Canamax CEO Brad Gabel: Perspectives on the Oil IndustryAs CEO of Canamax Energy (TSXV:CAC), a company with a unique approach to the oil industry, Brad Gabel offers a valuable perspective on the oil markets and oil industry overall. Since Canamax focuses on the acquisition of distressed small-cap oil companies, he can offer an experience-based opinion on what investors should consider when investing in oil or oil companies.

Gabel spoke to Oil Investing News last week about Canamax’s strategy and operations in Alberta. In the interview below, the CEO talks about the state of the oil market, the role of pipelines in dealing with takeaway capacity and some factors that investors may want to consider when looking at oil companies. Overall, Gabel gives a useful look at the oil market and oil companies in general.

OIN: Just to talk about the oil market, does the fact that all of these juniors are under pressure say anything about the oil industry?

BG: As an industry we’ve started to see some tailwinds in the marketplace for good management teams and good assets. The capital markets are coming back for those. However, with those who have made mistakes, investors have lost confidence and those memories are very current.

When it comes to those companies and management teams that have been cannibalized, there’s often only one or two people holding the fort down. I think it’s a combination of people not having the market presence to be able to go back and raise the capital to recreate these companies or get them out of financial distress, and the banks have lost focus on them as well. There’s really nobody left in a lot of cases to bring these companies back up.

One other key thing that’s hitting the industry, and specifically small-cap companies that tend to be in a distressed situation, is what we call the LLR rating, or license liability rating. The AER has increased abandonment liability ratings for oil and gas companies so that your assets have to be higher than your liabilities to maintain the ability to produce your oil. If not, you have to put a bond up with the government. Those LLR ratings went up 30 percent in 2013 and 2014, and then it will be another 10 percent in 2015. With companies that have declining production and an increasing LLR it puts guys in the position of being willing to transact.

OIN: On your website, you state that you expect a rebound for the oil industry. When do you think that will happen and what factors will contribute to a rebound?

BG: Western Canada really started to rebound on the oil side quite some time ago, and large companies have had access to capital and oil prices have been strong, so that part of the market has been good. We’ve been going through a technology evolution over the last decade where we’ve been moving towards horizontal unconventional resource plays; they take a lot of science to get costs in line and ROI up, but I think we’re getting there on the oil side. With natural gas prices back at reasonable levels, if we can maintain that position for the next six to 12 months, I see the industry continually starting to get healthier moving into 2015 and 2016.

I think the other big thing for Canada is that as LNG exports become a larger piece of our Canadian landscape, I see Canada as a growing part of the market. I feel this is a good opportunity for companies that can put together a good suite of development-type assets.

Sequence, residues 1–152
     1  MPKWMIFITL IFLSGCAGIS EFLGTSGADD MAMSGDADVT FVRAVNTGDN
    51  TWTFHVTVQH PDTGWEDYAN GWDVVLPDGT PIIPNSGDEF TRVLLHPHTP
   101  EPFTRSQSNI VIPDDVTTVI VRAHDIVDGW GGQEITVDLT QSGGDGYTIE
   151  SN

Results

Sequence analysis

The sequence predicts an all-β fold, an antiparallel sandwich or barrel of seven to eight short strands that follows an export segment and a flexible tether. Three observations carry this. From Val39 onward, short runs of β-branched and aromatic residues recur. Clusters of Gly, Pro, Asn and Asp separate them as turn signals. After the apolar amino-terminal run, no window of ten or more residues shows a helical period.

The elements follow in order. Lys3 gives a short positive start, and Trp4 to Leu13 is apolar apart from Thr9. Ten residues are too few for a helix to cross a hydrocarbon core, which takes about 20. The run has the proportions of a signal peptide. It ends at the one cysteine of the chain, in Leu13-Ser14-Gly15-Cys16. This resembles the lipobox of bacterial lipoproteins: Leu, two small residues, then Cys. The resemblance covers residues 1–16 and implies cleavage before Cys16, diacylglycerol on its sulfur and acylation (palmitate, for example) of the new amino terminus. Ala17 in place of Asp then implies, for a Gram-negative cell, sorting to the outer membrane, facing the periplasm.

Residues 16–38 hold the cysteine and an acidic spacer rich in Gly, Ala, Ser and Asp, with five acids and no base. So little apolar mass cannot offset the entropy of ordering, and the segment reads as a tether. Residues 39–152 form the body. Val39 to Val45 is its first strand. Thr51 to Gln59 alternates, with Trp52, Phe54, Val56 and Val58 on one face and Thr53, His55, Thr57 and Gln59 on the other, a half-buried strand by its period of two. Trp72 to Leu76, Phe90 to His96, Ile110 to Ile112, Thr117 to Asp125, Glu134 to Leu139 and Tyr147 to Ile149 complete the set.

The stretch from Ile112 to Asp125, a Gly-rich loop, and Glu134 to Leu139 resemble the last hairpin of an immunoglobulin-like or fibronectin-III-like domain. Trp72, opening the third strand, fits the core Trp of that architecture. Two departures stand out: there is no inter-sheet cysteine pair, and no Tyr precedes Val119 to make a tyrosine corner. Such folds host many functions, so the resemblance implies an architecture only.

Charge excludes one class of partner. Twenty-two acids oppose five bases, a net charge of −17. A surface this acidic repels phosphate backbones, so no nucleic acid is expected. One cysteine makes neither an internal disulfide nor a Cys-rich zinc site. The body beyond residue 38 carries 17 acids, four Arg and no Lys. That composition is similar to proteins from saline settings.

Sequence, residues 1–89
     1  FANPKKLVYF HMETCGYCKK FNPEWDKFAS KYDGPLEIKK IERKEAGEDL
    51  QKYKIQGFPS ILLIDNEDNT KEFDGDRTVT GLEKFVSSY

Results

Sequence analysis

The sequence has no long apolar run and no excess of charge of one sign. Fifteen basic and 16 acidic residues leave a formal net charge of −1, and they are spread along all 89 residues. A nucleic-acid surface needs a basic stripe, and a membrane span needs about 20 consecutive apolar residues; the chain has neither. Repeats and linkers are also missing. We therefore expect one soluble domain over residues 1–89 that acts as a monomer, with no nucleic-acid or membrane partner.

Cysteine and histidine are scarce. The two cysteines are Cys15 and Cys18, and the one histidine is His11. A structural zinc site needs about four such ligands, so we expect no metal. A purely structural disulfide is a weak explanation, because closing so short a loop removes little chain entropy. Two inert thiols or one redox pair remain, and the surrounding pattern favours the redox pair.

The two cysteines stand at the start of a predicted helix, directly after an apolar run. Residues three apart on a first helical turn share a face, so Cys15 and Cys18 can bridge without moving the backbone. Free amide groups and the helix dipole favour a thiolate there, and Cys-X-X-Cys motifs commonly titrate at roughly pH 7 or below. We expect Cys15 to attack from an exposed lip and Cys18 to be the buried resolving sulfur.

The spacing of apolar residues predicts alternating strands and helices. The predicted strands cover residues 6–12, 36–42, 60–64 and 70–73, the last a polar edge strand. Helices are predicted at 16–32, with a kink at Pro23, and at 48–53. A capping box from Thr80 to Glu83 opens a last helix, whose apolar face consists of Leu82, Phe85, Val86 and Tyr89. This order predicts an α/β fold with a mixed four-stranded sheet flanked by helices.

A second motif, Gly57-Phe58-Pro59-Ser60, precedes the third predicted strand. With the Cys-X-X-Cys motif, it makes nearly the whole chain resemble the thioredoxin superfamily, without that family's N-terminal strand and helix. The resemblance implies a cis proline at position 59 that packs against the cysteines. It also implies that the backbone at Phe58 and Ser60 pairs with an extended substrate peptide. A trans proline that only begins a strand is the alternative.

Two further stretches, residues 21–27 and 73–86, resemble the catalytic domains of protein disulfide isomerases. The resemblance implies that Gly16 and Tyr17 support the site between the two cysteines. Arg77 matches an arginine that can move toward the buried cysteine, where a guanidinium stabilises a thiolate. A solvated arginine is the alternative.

OIN: Oil pipelines have been a hot topic lately. Notably, TransCanada’s (TSX:TRP) Keystone XL pipeline and Enbridge’s (TSX:ENB) Northern Gateway pipeline. How do you see projects like that affecting Canada’s oil industry?

BG: Well, they would negatively affect it in the event that we don’t get them and positively affect it if we do. Takeaway capacity is always a concern. Fortunately, rail has been able to backfill a lot of the takeaway capacity that we require, but to continue, specifically oil sands development and really to see some expansion, takeaway capacity will continue to be a challenge until we can get some more in place. So additional pipelines would be very positive for the Canadian oil patch, and I think it would be negative if we don’t get either one.

Pipelines are full. That’s why we need the Northern and Keystone pipelines. We’ve been dealing with overcapacity through rail at this point. Government approval of the Northern Gateway pipeline is good news because it will ultimately help expand takeaway capacity and lead to more economic transportation costs for the Canadian oil patch.

OIN: You’ve dealt with a lot of different companies — what is important for investors to understand about the oil industry?

BG: It’s a commodity-based business that has cycles associated with it due to the price of commodities. I think investors need to focus on companies that have good capital allocation and strong discipline towards debt. When these things change, they change fairly quickly, and access to capital from the market itself can become difficult, so you need to be self-sustaining.

I think investors need to back management teams that have demonstrated good discipline in the past. That’s what I look for when I look at investing in exploration and production companies. Specifically, in a very cyclical market, guys can get too excited about a play and decide they’re going to ramp up debt, and then something happens, commodity prices change and you can end up in a distressed situation.

OIN: That is certainly valuable advice. Thank you for sharing your expertise with our readers.

BG: Thank you.

 

Securities Disclosure: I, Teresa Matich, hold no investment interest in any companies mentioned. 

Related reading:

Canamax CEO Brad Gabel’s Unique Strategy in Western Canada’s Oil Patch